Submitted to: Journal of Economic Entomology
Publication Type: Peer reviewed journal
Publication Acceptance Date: 9/2/2000
Publication Date: 8/20/2001
Citation: Yokoyama, V.Y., Miller, G.T., Crisosto, C.H. 2001. Basic and large-scale tests to determine pest response in packed table grapes to low temperature storage combined with slow release sulfur dioxidepads. Journal of Economic Entomology. Volume(94):984-988. Interpretive Summary: Foreign markets may be available for table grapes produced in the San Joaquin Valley of California, if the fruit complies with quarantine regulations that prevent accidental introductions of California grape pests into areas where the pests are not found. Certain species of thrips, mites, mealy bugs, and caterpillars are pests of concern to countries such as Australia. Methyl Bromide (MB) fumigation is the current acceptable quarantine treatment to control such pests. MB uses may be limited in the future so new treatments are needed.Low temperature combined with slow release sulfur dioxide pads is a method to store grapes for long periods of time. This procedure was investigated as a potential quarantine treatment to control grape pests in basic laboratory tests and large scale commercial tests. Complete control of western flower thrips and grape mealybug and 98- 99% control of twospotted and Pacific spider mites was attained after a six xweek exposure to the treatment in basic tests. In large scale tests an 8 week exposure to low temperature combined with slow release sulfur dioxide pads was effective as a quarantine treatment for western flower thrips, twospotted spider mite, and omnivorous leafroller and attained 92-99% control of grape mealybug and Pacific spider mite. The results of this study show that the combination treatment offers an economical method to achieve quarantine control of certain insects and mites. The procedure can be readily incorporated into existing table grape handling, storage, and shipping procedures. Recently, a U.S. trade partner in South America has shown interest in the proposed quarantine treatment for exports of table grapes to the U.S. during winter months.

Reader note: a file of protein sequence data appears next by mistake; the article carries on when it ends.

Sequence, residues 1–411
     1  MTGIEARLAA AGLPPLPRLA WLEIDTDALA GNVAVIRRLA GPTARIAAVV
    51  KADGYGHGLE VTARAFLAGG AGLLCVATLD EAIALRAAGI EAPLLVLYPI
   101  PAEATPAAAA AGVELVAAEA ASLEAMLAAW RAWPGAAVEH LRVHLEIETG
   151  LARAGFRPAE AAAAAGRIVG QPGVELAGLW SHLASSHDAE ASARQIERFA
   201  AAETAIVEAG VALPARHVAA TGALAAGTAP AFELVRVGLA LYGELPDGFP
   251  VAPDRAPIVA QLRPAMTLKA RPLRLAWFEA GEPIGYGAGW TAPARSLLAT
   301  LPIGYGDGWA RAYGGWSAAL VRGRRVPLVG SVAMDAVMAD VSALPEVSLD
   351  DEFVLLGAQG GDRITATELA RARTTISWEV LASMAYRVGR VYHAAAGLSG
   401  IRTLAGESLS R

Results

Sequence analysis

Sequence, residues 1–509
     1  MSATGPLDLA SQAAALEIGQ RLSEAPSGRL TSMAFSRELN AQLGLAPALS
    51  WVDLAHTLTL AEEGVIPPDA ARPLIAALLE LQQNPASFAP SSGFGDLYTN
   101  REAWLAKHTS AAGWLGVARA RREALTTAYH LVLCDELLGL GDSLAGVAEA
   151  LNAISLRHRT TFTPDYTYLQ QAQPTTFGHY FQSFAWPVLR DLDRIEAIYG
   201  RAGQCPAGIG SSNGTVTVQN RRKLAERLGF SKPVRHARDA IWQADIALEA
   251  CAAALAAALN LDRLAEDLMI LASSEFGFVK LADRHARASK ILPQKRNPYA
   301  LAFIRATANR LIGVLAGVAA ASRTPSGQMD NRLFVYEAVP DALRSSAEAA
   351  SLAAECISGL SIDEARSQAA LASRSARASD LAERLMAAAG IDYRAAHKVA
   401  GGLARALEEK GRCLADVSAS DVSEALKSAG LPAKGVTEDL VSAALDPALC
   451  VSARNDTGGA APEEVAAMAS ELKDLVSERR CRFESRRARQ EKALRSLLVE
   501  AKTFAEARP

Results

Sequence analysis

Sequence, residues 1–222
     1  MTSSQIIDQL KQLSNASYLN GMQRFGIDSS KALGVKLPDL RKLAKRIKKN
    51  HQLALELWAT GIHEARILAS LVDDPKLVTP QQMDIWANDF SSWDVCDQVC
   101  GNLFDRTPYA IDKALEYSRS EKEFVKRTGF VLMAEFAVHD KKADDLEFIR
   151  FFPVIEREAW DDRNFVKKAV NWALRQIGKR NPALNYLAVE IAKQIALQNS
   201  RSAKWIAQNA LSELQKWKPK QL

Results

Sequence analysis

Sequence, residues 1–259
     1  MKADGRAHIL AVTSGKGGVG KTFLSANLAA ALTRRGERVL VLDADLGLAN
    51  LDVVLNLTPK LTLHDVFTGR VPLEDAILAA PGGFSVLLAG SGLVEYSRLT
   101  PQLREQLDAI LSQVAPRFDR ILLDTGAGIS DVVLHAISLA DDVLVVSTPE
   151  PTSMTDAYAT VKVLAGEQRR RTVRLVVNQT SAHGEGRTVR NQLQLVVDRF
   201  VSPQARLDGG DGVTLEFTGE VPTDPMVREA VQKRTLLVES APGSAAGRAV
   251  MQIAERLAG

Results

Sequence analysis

Technical Abstract: The effect of low temperature storage combined with slow release sulfur dioxide pads was determined in basic and large-scale tests on western flower thrips, Frankliniella occidentalis, Pergrande; grape mealybug, Pseudococcus maritimus (Ehrhorn); Pacific spider mite, Tetranychus pacificus McGregor; twospotted spider mite, Tetranychus urticae Koch; and, omnivorous leafroller, Platynota stultana Walshingham. Complete control o western flower thrips and grape mealybug was attained after 6 wk. Western flower thrips was completely controlled by a greater or equal to one week exposure. Grape mealybug mortality was greater or equal to 94% after 2-5 wk exposures. However,<2% of Pacific spider mite and <1% of twospotted spider mite survived after a 6 wk exposure. In general, mortality of the spider mites was directly related to the duration of exposure. Large-scale tests showed that an 8 wk exposure to low temperature storage combined with slow release sulfur dioxide pads was as effective as a quarantine treatment for western flower thrips, twospotted spider mite, and omnivorous leafroller. The treatment resulted in <8% survival of grape mealybug and <1% survival of Pacific spider mite. Temperatures within the foam containers among the packed clusters decreased from ambient to 2C within approximately 1 d in all tests and fluctuated thereafter, from approximately 1-3C.Sulfur dioxide concentrations in the foam containers ranged between 0.2-1.6 ppm during the 1-6 wk storage period in basic tests and 0.5-1.1 ppm during the 1-8 wk storage period in large-scale tests. The combination treatment offers an economical method to attain quarantine control of certain insects and mites.